The Art of Safe Criticism in Greece and Rome


I thought that I’d make a quick post after reading an interesting article on ancient rhetoric that dealt with the art of criticism and “figured speech.” For the ancients (from Quintilian, a first century CE professor), speaking directly (palam) and speaking openly (aperte) were shaded differently: the former was unsafe, unwise; the latter, necessary and safe. One could criticize a tyrant so long as a favorable, flattering meaning was imparted at one level. This technique is one that Ovid uses – quite extensively – in the letter that I am studying. Here are two quotes from the article (author Frederick Ahl of Cornell) that I found interesting:

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Blog #4: Bacterial Production Assay and Epifluorescence Microscopy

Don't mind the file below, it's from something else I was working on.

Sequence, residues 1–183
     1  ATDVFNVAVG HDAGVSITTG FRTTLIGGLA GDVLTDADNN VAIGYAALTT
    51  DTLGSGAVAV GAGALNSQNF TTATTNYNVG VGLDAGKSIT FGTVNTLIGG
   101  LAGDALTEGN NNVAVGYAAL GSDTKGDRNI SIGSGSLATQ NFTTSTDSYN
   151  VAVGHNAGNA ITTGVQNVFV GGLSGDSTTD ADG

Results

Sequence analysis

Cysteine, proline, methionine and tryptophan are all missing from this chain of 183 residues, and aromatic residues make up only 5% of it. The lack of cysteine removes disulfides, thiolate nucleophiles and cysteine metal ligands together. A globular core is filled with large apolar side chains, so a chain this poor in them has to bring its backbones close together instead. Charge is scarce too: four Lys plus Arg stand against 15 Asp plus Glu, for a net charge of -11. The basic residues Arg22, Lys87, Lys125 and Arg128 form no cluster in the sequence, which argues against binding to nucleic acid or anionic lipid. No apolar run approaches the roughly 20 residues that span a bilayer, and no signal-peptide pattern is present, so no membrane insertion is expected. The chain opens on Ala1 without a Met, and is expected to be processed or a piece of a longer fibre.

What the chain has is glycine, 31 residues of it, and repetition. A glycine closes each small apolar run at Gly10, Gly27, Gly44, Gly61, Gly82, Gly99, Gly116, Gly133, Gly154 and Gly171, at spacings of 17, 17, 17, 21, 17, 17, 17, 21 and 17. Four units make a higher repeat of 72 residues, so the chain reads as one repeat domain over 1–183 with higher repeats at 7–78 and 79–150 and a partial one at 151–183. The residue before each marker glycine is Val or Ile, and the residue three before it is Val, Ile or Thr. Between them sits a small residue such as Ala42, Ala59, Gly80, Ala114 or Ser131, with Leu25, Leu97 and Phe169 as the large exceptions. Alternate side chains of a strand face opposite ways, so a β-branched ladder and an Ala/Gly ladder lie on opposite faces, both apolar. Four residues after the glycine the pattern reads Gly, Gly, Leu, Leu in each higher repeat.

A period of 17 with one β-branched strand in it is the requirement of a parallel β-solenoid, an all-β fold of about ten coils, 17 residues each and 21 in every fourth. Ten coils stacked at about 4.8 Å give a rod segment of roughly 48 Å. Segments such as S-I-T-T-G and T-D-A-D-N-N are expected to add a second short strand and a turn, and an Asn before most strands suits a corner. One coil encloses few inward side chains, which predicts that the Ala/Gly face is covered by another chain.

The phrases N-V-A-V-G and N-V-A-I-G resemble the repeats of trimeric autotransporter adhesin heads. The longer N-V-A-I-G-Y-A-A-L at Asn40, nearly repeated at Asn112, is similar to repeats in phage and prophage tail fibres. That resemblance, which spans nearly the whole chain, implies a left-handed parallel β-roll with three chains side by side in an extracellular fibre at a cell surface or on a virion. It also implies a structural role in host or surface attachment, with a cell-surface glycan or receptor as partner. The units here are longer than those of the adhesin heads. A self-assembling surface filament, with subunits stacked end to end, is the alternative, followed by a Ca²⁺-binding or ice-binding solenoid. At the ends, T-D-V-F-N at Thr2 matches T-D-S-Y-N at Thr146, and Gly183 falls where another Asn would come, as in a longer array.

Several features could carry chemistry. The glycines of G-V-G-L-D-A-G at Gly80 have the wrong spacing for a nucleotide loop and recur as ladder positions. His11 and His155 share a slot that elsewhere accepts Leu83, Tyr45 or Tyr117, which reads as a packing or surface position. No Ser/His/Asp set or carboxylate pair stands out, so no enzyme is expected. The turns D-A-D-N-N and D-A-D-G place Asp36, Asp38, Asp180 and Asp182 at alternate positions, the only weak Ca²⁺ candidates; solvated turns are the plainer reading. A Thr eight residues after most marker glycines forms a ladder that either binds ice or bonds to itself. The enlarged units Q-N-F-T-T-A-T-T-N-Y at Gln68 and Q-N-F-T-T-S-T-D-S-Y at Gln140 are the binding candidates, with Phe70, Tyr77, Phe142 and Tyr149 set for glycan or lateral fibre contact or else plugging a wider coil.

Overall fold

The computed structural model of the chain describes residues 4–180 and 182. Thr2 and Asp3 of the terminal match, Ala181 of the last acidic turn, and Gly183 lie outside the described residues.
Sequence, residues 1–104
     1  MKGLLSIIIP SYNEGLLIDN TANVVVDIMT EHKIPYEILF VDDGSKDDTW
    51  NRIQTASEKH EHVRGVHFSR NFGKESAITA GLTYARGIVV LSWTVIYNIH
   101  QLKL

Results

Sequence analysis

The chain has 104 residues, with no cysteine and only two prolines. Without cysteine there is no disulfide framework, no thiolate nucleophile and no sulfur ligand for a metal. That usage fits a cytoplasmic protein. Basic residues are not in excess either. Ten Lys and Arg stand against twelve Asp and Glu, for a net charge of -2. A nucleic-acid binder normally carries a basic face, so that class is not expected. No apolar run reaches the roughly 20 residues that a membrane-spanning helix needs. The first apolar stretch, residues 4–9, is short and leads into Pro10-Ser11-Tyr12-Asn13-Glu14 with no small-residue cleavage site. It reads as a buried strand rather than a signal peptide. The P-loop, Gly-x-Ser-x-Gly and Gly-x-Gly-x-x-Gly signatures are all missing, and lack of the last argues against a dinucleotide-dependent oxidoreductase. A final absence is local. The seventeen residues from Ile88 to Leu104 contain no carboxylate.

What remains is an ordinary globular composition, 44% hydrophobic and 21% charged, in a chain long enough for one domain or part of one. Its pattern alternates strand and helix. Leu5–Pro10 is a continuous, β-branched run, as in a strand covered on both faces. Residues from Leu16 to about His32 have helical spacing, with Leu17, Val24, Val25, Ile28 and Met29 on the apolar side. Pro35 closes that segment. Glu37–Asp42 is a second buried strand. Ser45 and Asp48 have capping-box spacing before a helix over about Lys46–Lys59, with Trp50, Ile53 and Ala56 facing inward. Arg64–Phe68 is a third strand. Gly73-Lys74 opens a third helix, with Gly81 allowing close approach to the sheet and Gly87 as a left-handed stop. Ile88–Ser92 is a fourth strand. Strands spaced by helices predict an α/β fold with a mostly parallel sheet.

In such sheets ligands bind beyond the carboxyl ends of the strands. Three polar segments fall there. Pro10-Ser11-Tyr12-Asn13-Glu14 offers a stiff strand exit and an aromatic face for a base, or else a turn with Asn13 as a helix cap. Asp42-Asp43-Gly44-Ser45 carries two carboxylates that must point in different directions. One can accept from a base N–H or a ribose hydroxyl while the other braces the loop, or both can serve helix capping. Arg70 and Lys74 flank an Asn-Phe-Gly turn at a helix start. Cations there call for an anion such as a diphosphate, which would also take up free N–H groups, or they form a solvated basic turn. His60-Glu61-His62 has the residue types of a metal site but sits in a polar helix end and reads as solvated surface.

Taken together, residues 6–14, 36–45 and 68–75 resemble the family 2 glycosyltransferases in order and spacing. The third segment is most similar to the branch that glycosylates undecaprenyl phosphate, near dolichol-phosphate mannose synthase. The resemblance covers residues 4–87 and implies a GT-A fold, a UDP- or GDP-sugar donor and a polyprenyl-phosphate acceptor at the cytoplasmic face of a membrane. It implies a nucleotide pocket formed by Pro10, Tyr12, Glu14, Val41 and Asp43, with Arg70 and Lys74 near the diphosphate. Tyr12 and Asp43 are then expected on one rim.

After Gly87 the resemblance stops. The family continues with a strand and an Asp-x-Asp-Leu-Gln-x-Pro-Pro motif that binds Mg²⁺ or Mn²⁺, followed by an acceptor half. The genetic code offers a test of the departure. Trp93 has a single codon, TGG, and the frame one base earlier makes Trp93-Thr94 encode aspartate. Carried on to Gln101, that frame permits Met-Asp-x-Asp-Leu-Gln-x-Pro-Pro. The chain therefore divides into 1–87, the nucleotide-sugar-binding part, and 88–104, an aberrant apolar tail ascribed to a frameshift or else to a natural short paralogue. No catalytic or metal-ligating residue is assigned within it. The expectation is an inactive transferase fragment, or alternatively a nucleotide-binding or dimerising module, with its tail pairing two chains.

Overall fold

Hi guys!

Here’s some additional information on how my project has been going. First, though, I would like to do a recap of what I am working on. There are three major components involved in acquiring data for my project: I used a tritiated leucine assay to determine bacterial production; I used epifluorescence microscopy to enumerate bacterial and viral abundance; and I am currently doing DNA extractions to prepare for T-RFLP assays, which I will use to determine bacterial community composition (this shows how diverse the bacteria in my microcosms from Lake Matoaka are after being exposed to different treatments). I will talk more about T-RFLP later, but here is a description of epifluorescence microscopy and the results from the tritiated leucine assay.

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